Seismic tomography: the easy way

When I was an undergrad, I had to take a year of geophysics, and on the first day, the professor explained that geophysics meant finding things underground without digging.  The rest of my lab group here at the UW are all marine geophysicists, and they routinely have to find things underground without digging, but with the added complication of having to get through a couple of kilometers of water, too.

You may remember my interview with Rob Weekly a few weeks back. This week’s interview is with my office-mate, Dax Soule. Dax studies marine geology and geophysics in the School of Oceanography at the University of Washington. Like Rob, he focuses on active source seismology. In fact, he’s looking at some of the same data as Rob, just different parts. And since we already went over a lot of the basic background in Rob’s post, I’m going to jump right into some fun tomography stuff. In a nutshell, tomography means building up a 3D picture of what’s underground by measuring how long it takes for seismic waves to travel through. In tomography, you’re not sampling the material directly, but you’re measuring how the seismic velocity varies. Seismic velocity is a measure of how quickly a seismic wave can travel through a certain type of rock, so if you know the velocity structure you can make inferences about the geological structure.

Imaging the earth’s crust

When you’re doing seismic tomography, it’s a bit like peeling back the layers of an onion: you have to figure out the shallow stuff before the deep. Rob’s work focused on obtaining a three-dimensional seismic velocity structure from the seafloor down to about 2.5-3 km depth. Dax is taking Rob’s results and extending downward to include the entire depth of the crust. He’s looking between the seafloor and the Mohorovicic discontinuity, or the “Moho”, which is the boundary between the earth’s crust and the mantle.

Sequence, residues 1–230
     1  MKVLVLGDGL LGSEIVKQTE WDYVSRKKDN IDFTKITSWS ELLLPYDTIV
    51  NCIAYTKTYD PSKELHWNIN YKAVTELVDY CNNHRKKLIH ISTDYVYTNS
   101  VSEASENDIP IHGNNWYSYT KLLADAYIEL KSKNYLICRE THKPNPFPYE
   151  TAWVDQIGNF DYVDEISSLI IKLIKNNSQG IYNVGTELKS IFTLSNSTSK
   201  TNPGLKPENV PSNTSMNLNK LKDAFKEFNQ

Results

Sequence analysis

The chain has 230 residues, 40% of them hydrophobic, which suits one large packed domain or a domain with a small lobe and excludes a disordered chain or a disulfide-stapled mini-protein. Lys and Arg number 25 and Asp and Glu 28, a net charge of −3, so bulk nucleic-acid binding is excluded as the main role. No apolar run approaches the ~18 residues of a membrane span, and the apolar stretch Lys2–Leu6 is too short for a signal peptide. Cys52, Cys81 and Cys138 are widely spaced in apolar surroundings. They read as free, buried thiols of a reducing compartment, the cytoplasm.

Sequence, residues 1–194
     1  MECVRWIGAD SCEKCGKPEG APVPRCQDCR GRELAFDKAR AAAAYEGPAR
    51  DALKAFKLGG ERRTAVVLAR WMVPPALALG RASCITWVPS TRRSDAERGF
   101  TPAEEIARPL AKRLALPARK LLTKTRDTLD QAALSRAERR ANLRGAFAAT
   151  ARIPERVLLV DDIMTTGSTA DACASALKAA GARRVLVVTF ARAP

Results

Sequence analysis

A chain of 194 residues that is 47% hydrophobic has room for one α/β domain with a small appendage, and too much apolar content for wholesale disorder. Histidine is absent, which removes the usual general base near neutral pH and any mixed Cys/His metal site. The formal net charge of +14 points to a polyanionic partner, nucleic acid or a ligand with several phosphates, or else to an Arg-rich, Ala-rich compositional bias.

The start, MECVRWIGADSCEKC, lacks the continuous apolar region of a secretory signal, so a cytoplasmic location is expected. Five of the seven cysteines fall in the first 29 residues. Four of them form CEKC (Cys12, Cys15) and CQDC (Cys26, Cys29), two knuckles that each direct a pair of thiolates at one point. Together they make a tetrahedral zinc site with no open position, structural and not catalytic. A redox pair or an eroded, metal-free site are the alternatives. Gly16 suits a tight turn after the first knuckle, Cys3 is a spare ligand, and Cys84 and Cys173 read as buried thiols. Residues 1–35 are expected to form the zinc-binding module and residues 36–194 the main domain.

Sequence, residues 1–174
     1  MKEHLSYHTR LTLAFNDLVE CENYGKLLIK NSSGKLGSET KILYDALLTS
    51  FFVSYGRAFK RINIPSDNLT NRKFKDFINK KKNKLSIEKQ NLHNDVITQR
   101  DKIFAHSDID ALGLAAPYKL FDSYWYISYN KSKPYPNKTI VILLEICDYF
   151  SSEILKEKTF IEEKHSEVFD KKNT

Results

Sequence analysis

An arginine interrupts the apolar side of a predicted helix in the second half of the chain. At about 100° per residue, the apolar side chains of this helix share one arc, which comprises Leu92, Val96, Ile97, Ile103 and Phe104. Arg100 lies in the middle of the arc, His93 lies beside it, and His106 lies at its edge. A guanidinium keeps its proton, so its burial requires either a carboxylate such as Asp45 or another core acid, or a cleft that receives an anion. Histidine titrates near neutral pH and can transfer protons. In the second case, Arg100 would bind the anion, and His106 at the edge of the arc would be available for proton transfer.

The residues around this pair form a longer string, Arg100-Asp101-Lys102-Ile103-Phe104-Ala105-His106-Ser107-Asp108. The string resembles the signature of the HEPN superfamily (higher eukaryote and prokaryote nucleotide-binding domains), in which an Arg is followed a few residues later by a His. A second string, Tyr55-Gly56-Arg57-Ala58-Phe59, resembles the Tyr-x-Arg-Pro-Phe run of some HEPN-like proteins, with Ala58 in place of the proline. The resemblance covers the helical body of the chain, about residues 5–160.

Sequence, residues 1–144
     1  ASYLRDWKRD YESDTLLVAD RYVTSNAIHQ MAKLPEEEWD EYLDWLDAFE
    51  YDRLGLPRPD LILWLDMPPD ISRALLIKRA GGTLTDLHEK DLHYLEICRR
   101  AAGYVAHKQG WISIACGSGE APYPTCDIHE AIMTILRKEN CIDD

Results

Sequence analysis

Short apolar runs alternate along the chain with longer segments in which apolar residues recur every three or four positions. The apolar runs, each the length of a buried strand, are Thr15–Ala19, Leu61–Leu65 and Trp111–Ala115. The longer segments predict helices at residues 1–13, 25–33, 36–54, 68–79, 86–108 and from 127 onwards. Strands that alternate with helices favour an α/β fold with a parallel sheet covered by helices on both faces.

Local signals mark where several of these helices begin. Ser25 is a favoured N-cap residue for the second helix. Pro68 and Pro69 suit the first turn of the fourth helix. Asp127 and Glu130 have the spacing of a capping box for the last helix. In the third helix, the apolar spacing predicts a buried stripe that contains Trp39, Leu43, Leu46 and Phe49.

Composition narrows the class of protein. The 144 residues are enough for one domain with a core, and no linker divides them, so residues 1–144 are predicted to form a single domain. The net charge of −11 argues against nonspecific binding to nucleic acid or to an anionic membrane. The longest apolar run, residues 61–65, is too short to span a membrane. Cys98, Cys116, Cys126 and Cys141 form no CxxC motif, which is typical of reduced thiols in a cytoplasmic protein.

In seafloor maps of the region, you can see that there’s a bathymetric high – a plateau where the water depth is shallower than the surrounding seafloor. A seismic reflection study a few years back [1] showed that this plateau likely corresponds to a thickening of the oceanic crust at this location. Dax’s tomography work will help to clarify exactly what’s going on, and will give a more detailed picture of how the crustal thickness varies in the area.

Dax explained that measuring crustal thickness variations near a mid-ocean spreading center can tell you about how that crust was produced – was a episodic or constant? And where was the source of new crust – was it on the axis of the ridge, or off-axis?

How the experiment works

Here’s a little cartoon showing the basic geometry of the seismic experiment.SeismicRays_600px

A seismic source is generated near the sea surface, and the energy travels through the water column and into the sea floor. Once in the earth’s crust, the energy is converted into to types of waves: primary waves (p-waves) and secondary waves (s-waves). There are many different types of paths that these waves can take as they travel through the earth, and each type of path is known as a “phase”. In the above figure, the two phases that are shown are Pg and PmP. Rob used the Pg phase arrivals to image the upper portion of the crust. Dax looks at the PmP phases, which are the ones that bounce off the Moho.

Dax goes through the data and manually picks out the PmP phase arrival times. This part of the job is not the most exciting, but someone’s got to do it! Fortunately, all that work does pay off, and once Dax has his picks, he can start digging into the tomography part of his work.

Five easy steps
Here’s a handy-dandy summary of the steps that Dax goes through to build up a tomographic inversion.


So that’s what my office-mate does… good to know!  Dax is still working through the data and the very complex inversion code, so stay tuned for a future post on what he finds deep in the crust, and what the crustal thickness can tell us about seafloor production at the Endeavour Ridge.